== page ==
By Alan Marble

Black bears are beginning to show a strong presence in our neighborhood at the CSA.  Last year a big boar (male) around 300 pounds or so began tearing up bird feeders and garbage bins in the late summer, fall, and well into winter.  He was active again in late winter after what appeared to be only a brief nap of about a month.  He hasn’t been around this spring - he is probably doing what boars do this time of year, which is look for female bears (sows) to breed. They will roam far and wide in this search for romance, or the ursine version of it.

bearscatonsandIn late March I found a generous pile of bear scat (poop) on the Crystal Lake beach. 



Lately, though, there have been several bears visiting the CSA. Tracks of a sow with what may be two or three young cubs have been noted north along the Lake Michigan beach, and the tracks of what appears to be another sow with a single, year-old cub, have been appearing north from the stairs.  



bearbuttinsand These bears left interesting butt marks in the sand as they slid down the low bluff just north of the Edmonds’ cottage.

The bears are almost certainly foraging on the abundance of small, fresh, dead alewives that are washing up on the Lake Michigan beach (alewives are small anadromous fish which will be another story to be related at a later date: if you are over 45 years old, you probably remember them). 

Why the uptick in bear activity?  They are highly adaptable to man and his civilization, are omnivores (more vegetable than mineral), live a long time and have been steadily growing in number over the past 30 years or so since the hunting of black bears went from unregulated in Michigan, to hunting seasons today which are based on modern sound science with lotteries for tags.  They have been expanding their range as well, appearing more and more often in central and even southern Michigan.

 Black bears are our only bears, and they are the smallest of their clan.  That said, “small” is a relative term, as a big old boar can top 600 pounds.  They breed in late spring, spend the next six months eating the bounty of nature and agriculture. They thrive in the orchards of Benzie County and make a serious nuisance of themselves in the fruit country, tearing off branches to nosh on apples, cherries and everything else fruit.  The primary element in their diet is plant material of all kinds, followed by insects, grubs, bees and honey. They are indiscriminate diners, eating every form of garbage from diapers to food wrappers and rancid food.  An unprotected garbage bag rings a bigtime dinner bell in a bear’s little brain. So does a well-stocked bird feeder that is within reach.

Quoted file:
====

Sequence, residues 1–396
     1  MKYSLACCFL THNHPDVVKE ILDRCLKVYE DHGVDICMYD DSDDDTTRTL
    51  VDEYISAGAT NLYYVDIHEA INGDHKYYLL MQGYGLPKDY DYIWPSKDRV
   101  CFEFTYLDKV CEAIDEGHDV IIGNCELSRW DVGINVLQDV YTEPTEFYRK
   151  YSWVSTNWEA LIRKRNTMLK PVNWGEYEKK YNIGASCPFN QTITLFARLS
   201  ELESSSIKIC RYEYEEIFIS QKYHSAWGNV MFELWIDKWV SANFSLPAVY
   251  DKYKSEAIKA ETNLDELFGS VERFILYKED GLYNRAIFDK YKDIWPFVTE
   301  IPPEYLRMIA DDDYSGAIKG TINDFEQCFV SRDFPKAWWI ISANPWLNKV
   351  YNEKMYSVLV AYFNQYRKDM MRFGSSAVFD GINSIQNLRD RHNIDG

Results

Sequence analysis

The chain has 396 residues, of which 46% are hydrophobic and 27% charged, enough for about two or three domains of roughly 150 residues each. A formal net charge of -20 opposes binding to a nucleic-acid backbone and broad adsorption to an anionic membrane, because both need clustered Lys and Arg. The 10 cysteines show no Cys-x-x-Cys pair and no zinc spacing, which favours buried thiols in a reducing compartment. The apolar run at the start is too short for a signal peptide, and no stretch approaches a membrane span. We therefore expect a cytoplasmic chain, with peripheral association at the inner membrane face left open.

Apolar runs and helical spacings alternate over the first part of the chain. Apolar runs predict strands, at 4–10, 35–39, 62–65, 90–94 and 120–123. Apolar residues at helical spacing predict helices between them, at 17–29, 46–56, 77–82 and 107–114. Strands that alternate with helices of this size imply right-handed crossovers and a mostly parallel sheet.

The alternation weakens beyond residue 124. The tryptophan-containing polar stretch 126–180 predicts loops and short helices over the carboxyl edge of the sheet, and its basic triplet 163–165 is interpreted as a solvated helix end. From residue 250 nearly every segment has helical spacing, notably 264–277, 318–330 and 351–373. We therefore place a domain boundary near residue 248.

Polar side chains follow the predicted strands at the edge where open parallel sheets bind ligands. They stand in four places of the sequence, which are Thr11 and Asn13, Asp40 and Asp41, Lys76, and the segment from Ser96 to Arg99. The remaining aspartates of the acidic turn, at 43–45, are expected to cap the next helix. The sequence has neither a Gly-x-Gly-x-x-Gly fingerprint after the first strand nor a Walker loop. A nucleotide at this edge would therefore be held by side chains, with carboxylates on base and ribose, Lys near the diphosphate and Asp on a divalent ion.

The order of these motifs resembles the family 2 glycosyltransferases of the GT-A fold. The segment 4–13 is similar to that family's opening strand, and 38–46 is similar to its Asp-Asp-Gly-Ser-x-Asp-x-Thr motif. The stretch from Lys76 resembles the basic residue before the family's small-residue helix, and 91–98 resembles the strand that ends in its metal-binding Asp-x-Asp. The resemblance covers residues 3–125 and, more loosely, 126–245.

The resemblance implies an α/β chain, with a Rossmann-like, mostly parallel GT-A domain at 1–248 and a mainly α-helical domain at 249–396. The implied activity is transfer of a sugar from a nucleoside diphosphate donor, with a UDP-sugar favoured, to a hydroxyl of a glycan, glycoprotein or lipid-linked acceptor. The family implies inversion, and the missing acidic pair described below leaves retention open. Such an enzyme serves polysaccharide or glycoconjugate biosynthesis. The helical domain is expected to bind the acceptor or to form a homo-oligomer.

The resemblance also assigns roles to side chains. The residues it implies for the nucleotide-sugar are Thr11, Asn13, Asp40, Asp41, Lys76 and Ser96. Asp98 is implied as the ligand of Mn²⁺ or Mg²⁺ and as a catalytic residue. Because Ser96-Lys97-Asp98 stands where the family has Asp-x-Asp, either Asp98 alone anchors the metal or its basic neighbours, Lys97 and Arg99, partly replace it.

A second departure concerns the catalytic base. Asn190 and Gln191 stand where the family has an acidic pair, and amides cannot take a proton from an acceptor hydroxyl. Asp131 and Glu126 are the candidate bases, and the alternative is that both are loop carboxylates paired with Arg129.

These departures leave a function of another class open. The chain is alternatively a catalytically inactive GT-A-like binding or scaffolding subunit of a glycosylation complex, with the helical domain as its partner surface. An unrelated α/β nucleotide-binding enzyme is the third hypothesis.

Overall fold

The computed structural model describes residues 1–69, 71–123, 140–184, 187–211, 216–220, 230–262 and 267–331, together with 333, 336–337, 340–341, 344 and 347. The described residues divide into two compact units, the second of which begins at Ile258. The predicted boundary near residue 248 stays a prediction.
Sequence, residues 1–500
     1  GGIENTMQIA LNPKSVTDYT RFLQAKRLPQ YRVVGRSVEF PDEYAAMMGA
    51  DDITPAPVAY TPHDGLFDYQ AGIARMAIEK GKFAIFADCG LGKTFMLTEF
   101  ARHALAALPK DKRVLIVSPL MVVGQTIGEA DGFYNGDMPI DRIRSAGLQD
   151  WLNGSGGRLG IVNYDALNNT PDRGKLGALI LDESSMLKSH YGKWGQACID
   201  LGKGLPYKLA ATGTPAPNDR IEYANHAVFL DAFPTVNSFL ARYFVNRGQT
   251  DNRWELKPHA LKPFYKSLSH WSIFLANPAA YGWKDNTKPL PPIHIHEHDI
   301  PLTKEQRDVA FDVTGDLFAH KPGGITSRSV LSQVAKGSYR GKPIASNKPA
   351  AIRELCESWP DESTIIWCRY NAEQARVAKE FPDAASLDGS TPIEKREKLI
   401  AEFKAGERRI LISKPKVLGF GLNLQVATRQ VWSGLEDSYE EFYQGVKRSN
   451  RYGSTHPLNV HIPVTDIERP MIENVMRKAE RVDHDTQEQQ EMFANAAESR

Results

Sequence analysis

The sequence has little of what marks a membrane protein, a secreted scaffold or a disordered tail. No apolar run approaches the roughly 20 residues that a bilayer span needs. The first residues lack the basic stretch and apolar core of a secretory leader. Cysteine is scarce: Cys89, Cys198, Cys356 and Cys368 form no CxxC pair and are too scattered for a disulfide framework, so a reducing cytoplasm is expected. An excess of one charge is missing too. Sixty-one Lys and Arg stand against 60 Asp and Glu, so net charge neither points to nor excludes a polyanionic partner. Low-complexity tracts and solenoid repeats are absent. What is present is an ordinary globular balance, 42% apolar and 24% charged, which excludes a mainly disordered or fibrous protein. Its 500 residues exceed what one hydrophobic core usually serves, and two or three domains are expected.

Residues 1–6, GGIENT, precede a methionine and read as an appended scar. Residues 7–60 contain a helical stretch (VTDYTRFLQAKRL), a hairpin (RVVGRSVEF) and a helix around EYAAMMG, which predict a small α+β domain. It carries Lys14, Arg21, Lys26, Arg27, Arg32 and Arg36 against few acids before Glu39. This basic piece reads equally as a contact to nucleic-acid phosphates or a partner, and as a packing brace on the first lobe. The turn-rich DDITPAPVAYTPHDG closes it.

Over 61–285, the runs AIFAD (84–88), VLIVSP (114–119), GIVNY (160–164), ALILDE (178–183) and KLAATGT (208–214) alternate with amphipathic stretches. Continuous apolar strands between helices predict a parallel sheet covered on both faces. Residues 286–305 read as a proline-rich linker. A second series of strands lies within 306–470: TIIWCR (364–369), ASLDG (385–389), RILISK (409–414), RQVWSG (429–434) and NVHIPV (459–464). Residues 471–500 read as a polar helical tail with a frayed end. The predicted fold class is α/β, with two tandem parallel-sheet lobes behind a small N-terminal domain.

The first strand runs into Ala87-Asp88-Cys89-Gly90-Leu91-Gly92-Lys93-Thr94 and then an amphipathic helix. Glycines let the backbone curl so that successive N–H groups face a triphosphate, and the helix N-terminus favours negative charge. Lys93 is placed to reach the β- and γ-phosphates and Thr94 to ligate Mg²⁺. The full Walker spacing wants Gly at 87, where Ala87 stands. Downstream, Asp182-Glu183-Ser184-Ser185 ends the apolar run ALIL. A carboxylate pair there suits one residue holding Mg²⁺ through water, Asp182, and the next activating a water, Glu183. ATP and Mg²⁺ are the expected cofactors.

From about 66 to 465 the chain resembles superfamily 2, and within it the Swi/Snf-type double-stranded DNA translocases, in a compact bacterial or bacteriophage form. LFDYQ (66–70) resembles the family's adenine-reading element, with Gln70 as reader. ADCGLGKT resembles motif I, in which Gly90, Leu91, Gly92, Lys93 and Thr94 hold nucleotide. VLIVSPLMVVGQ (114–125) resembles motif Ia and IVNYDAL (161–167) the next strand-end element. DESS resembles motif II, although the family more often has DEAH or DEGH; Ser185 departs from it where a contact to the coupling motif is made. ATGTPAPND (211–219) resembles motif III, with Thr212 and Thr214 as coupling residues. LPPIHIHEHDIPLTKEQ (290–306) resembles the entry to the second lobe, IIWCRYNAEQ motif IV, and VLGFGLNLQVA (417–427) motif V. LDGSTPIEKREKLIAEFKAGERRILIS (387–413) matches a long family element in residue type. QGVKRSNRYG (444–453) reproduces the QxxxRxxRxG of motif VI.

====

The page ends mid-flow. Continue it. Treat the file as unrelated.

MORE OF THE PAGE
In early winter bears undergo a subtle metabolic change that leads them, especially the pregnant sows, to seek rudimentary shelter for “hibernation.”  The word is in quotation marks only because it is not a true hibernation, which is just shy of total shutdown of an animal’s bodily functions.  Sows go into hibernation earlier and longer than the boars, because their bodies are telling them to prepare to birth their tiny, hairless cubs.  These little fellers do not resemble the cubs you think of.  They nurse and sleep and develop a cub’s appearance before heading out with the sow into the world in late spring.  Boars are not powered by the same maternal instincts, and often resist slumber as long as there is ample forage (garbage, bird feeders, etc.). Climate change is also certainly playing a factor in black bear behavior.

What does all of this mean to those of us who have moved, unwittingly, perhaps, into black bear country?  We need to share the land, and be smart, and attentive.

The garbage bins which I helped invent are a piece of cake for a bear of any size.  We may have to rethink how we all handle our trash, because a bear that makes a steady diet of food supplied at your home will quickly become habituated to the process and will come to expect an easy meal.  Same goes for bird feeders (I will share my story on that in a future email). Anything and everything we can all do to remove a food attraction will pay off.  A bear that expects the free meal can be a real nuisance, and probably constitutes the single largest threat to our individual safety.

How does all of this affect us, our behavior, and our day-to-day existence? Other than strictly avoiding any feeding attraction for bears, very little.  Black bears will avoid human contact if given half a chance.  A sow with cubs will vacate the area you are in as soon as she smells you (crazy-good sense of smell), sees you (not so great sense), or hears you (ears like antennae).  She will either remove herself and her cubs at 30 mph (yup, 30 mph), or send the cubs up a tree while she retreats and observes.  A boar wants nothing to do with you and will almost certainly detect you long before you see him. 

Bears become quite nocturnal in their activities when pressured (like summertime at the CSA).  So, what do we do?  First, be aware of your surroundings as you walk Lover’s Lane or the CSA main drag, especially at dusk and dawn.  Put your phone away and listen and look at what is around you.  If you have company, chat while you walk; the best strategy is to give a bear (or any wildlife, for that matter) advance warning of your presence.  Listen to your surroundings…heck, you might learn something….and allow yourself to enjoy that you are a part (a small part, mind you), of a natural environment that continues to change and expand.